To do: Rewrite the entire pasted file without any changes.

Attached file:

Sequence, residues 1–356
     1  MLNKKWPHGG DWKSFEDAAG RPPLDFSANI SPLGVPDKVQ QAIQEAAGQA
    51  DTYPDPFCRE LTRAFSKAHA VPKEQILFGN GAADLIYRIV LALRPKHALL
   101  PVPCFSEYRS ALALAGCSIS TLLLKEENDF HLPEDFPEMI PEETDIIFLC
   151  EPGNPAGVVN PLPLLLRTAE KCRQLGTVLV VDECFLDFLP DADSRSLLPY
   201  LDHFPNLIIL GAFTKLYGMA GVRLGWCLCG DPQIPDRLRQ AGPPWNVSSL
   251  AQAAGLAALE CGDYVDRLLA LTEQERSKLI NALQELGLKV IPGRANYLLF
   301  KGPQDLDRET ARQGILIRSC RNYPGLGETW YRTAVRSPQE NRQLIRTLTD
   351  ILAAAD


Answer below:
Sequence, residues 1–356
     1  MLNKKWPHGG DWKSFEDAAG RPPLDFSANI SPLGVPDKVQ QAIQEAAGQA
    51  DTYPDPFCRE LTRAFSKAHA VPKEQILFGN GAADLIYRIV LALRPKHALL
   101  PVPCFSEYRS ALALAGCSIS TLLLKEENDF HLPEDFPEMI PEETDIIFLC
   151  EPGNPAGVVN PLPLLLRTAE KCRQLGTVLV VDECFLDFLP DADSRSLLPY
   201  LDHFPNLIIL GAFTKLYGMA GVRLGWCLCG DPQIPDRLRQ AGPPWNVSSL
   251  AQAAGLAALE CGDYVDRLLA LTEQERSKLI NALQELGLKV IPGRANYLLF
   301  KGPQDLDRET ARQGILIRSC RNYPGLGETW YRTAVRSPQE NRQLIRTLTD
   351  ILAAAD